The large, 28-liter capacity means you have the space to stash a huge number of items. But be careful—the more you load, it the heavier it gets. Photo: Michael Murtaugh

The zippered middle pocket is roomy enough for a change of clothes, shoes, and a toiletry kit, so you don’t have to push those items out of the way to get to your laptop. The other organized pockets on the front of the bag can help you prioritize access to pens, business cards, adapters, and cables, which would otherwise roll around in the main compartment.

Flaws but not dealbreakers: While the Räven 28 fit our 5-foot-6 reviewer perfectly, it was a bit large for another tester, who is 5-foot-1.

Both water bottle pockets are sewn close to the sides of the bag. This design ensures that they won’t look flabby when they’re empty, but it also means that your bottles may have a snug fit. A fully loaded bag’s interior space may prevent you from fitting bottles in the pockets. On the other hand, a less-than-full bag means that 1-liter or larger bottles will fit fine.

  • Dimensions: 19 by 13 by 9 inches
  • Weight: 2.2 pounds
  • Water bottle holders: two
  • Warranty: lifetime, but doesn’t include accidental damage
  • Maximum laptop size: 15 inches, with room
  • Colors: dusk, storm, redwood, black, navy, dark olive, blue ridge, deep blue, dandelion, super grey, chestnut
The front of the Briggs & Riley Kinzie Street Slim Expandable Backpack.

Slimmer and prettier, for a price

Choose the Briggs & Riley if you need a stylish laptop bag to take to senior-level business meetings, usually in other cities, states, or countries

Who this is for: Folks who are constantly on the move between home and some distant meeting—and who want a bag with more style and panache, and are willing to pay over double the price of the Fjällräven Räven 28.

A picture of a person wearing the Briggs & Riley Kinzie Street Slim Expandable Backpack, shown here with leather accents on the front flap and top handle.

Why it’s great: The Briggs & Riley Kinzie Street Slim Expandable Backpack looks at home in a professional office—but it looks even better at the five-star resort stay you’ve earned with all your points. It offers excellent organization for a compact daily commute bag, and it expands to hold a change of clothes for overnight trips. It also has a lifetime warranty that covers even accidental damage. Although it’s typically three times the price of the Fjällräven Räven 28, for someone who travels constantly and needs a bag that looks extremely professional, it’s worth that cost for its refined business-appropriate style, its excellent construction, its travel-specific amenities, and a warranty that will cover it even if it gets run over by a baggage cart at the airport.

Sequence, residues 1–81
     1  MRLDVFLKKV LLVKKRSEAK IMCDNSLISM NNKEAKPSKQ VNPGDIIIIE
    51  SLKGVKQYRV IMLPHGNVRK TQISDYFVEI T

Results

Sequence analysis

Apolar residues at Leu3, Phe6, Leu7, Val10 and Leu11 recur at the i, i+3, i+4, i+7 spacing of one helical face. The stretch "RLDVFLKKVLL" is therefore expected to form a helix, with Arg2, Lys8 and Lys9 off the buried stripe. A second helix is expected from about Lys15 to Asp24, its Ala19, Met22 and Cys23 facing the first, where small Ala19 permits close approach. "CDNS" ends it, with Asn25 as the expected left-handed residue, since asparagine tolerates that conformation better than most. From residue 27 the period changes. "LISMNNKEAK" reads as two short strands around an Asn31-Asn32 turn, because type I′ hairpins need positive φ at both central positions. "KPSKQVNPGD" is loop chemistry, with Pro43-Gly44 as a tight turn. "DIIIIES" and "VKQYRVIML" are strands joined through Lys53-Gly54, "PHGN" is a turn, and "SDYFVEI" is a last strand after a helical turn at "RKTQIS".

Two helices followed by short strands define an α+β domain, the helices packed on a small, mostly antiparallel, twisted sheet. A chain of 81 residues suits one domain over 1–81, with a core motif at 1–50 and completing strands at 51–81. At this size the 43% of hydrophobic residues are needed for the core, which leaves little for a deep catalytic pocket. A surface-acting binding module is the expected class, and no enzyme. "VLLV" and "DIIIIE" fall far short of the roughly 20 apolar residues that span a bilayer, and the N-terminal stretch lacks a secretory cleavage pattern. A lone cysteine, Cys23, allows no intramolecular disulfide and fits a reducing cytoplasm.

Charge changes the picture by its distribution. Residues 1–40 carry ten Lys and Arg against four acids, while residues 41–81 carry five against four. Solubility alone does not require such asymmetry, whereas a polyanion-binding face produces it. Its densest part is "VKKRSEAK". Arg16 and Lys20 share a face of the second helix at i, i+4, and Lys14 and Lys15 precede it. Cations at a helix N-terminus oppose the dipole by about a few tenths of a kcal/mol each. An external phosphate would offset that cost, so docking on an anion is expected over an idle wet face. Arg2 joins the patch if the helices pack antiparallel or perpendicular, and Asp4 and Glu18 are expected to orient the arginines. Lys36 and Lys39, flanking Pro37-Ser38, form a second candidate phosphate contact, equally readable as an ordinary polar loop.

A view of the inside of the Briggs & Riley Kinzie Street Slim Expandable Backpack, showing its pockets and other storage compartments.

The laptop pocket has enough space to swallow a 15-inch laptop. We suspect that some 17-inch laptops will fit as well, because we had inches of room around the Dell XPS 15 we used as a gauge. Removing the laptop from the case in a TSA line was easy. After we moved the magnetic flap aside, the zippers were among the smoothest to open during our tests.

You can expand the middle chamber by unzipping around its exterior to free another few inches of space—enough for a change of clothes. This compartment has a padded tablet pocket that fit our 15-inch laptop snugly, so it is possible to carry two full-size laptops in the bag. That same middle chamber is filled with pockets to organize business cards and credit cards, pens, digital styluses, power adapters, and cables.

Like the Räven 28, the Kinzie Street slim backpack fit our 5-foot-6 tester almost perfectly, with no bunching or awkward pressure on the shoulder straps. It fit a little better than the Räven for our 5-foot-1 tester, especially in its compact form.

Flaws but not dealbreakers: Although you can carry a change of clothes and your laptop in this bag, it will be too full if you also need to carry a binder or shoes. The Fjällräven Räven 28 is a better choice for holding thicker items such as sneakers. No water bottle pocket, either.

The Briggs & Riley Kinzie Street has a lifetime warranty that covers even accidental damage, but that also means it has a high purchase price, typically a $180 premium over the Fjällräven Räven 28.

  • Dimensions: 17 by 12.5 by 3.5 to 6 inches (expandable)
  • Weight: 2.3 pounds
  • Water bottle holders: none
  • Warranty: lifetime, including accidental damage
  • Maximum laptop size: 15 inches, but some 17-inch laptops could easily fit
  • Colors: gray, navy
A selection of bags tested in our review of the best laptop backpacks.

If you commute with your laptop, a backpack is the most convenient and ergonomic way to carry your computer, your cables, and everything else you need for the day. Unlike briefcases, messenger bags, or totes, backpacks spread the weight of your gear across both your shoulders, which is more comfortable and better for your back over the course of a long day.